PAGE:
Just when Wisconsinites thought the onslaught of taxes had ended, some state legislators want to belly up to the bar again on tax hikes. This time around they are considering taxes that would raise the prices of distilled spirits and beer.
Just this week, the Wisconsin Senate Judiciary Committee approved a 58% liquor tax increase – a possible $25 million tax hike. And on top of that, legislators are holding a hearing today to discuss hiking Wisconsin’s beer tax rate – another $58 million hike.
The bills’ expressed purposes are to fund programs to reduce the occurrence of drunk driving and alcohol abuse in the state. While these are laudable goals, they should be paid for by existing revenue, instead of raising taxes that will not cure social problems but will hurt Wisconsin citizens and businesses.
ATR and the Center for Fiscal Accountability have calculated that after accounting for excise taxes, fees, corporate taxes, and other state and federal taxes, consumers already spend 79.6% of the cost of distilled spirits and 56.2% of the cost of beer paying for government. If either of these tax increases pass in Wisconsin, that number will become even higher.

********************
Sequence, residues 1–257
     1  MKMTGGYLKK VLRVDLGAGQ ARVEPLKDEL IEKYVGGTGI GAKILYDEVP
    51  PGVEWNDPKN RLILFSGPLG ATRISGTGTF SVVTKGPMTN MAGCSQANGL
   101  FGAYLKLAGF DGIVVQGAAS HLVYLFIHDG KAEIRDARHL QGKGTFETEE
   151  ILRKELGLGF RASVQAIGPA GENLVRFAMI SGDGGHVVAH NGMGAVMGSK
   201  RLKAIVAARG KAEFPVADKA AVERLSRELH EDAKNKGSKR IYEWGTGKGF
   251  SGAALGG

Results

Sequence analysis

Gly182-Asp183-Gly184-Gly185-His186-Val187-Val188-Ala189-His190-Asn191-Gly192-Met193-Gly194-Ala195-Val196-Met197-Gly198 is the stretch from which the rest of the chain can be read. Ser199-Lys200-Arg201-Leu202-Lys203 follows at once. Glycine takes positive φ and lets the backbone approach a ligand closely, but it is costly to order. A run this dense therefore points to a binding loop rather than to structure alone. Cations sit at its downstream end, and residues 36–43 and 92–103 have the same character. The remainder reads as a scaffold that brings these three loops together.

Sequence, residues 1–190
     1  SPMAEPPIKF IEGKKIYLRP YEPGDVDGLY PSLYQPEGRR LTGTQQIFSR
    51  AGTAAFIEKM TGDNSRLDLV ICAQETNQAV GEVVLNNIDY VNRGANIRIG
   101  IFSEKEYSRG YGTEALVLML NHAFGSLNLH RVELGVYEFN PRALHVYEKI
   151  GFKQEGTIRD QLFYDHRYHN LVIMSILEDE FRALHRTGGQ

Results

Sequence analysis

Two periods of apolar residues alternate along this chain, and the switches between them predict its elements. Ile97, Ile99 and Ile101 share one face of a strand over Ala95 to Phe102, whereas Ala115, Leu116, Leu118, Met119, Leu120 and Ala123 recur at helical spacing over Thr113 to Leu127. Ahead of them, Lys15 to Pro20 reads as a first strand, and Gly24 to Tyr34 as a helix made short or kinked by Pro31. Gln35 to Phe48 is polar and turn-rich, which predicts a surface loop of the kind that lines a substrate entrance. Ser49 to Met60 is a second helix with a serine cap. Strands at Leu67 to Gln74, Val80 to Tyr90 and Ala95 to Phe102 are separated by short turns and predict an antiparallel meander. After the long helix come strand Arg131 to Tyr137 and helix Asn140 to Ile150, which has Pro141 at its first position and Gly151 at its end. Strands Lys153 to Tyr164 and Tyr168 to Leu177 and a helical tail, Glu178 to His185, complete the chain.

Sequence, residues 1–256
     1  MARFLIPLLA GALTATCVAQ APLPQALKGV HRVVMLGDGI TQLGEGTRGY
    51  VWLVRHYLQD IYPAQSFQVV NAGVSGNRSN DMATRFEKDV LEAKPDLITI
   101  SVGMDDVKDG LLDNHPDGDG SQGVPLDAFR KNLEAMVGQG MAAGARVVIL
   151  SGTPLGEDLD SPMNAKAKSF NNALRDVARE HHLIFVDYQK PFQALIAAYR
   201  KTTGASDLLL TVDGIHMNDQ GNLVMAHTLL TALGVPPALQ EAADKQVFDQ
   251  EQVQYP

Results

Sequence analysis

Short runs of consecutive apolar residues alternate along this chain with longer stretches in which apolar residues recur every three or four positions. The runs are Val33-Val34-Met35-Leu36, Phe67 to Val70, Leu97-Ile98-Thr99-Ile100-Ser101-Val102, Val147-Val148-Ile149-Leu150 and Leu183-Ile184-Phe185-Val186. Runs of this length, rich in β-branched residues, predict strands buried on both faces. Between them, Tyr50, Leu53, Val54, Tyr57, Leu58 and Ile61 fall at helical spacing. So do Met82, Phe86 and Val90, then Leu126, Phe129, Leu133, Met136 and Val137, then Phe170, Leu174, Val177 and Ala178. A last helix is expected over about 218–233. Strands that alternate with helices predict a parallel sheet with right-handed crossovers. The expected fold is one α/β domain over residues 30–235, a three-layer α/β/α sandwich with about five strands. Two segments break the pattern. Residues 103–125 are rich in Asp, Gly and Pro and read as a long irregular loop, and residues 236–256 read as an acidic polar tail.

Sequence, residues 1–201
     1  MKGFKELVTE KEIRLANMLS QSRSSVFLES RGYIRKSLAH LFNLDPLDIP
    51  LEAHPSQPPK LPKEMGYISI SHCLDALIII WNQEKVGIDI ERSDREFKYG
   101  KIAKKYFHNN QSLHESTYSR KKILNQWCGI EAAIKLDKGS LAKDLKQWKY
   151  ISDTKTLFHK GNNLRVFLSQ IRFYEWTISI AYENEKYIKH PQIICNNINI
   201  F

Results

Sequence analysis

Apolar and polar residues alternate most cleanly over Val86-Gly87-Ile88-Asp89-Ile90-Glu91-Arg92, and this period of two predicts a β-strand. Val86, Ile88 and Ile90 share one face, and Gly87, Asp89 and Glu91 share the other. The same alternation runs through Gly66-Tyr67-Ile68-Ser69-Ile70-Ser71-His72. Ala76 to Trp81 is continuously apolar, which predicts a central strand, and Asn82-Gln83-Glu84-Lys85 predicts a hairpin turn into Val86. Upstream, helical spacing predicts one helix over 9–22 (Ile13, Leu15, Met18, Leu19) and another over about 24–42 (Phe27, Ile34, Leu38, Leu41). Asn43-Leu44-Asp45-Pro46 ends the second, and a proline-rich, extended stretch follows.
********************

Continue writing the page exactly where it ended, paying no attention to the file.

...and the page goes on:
Raising excise taxes as a means of revenue creation never works either. For example, when Kentucky became one of the first states to pass a tax increase on alcohol this year, tax revenues plummeted. Only a few months after passage, revenue from distilled spirits taxes had dropped by over $1.7 million and was 55% below collections from the previous year. When excise taxes increase, people buy less of the product, or cross state lines to buy it elsewhere. (Click here for a parallel example explaining tobacco taxes.)
The only groups that will be worse off then the average consumer are those in the hospitality industry. Restaurant and tavern owners already have taken hits due to the economic recession, losing an estimated 4,200 jobs in the past year alone. An increase taxes now only increases their expenses and makes further cuts necessary. These taxes will only exacerbate the problem.
If state legislators want to lower incidents of drunk driving, raising taxes on all Wisconsinites is not the means to do so. Using existing resources would be more effective and would not necessitate increasing tax burdens once again.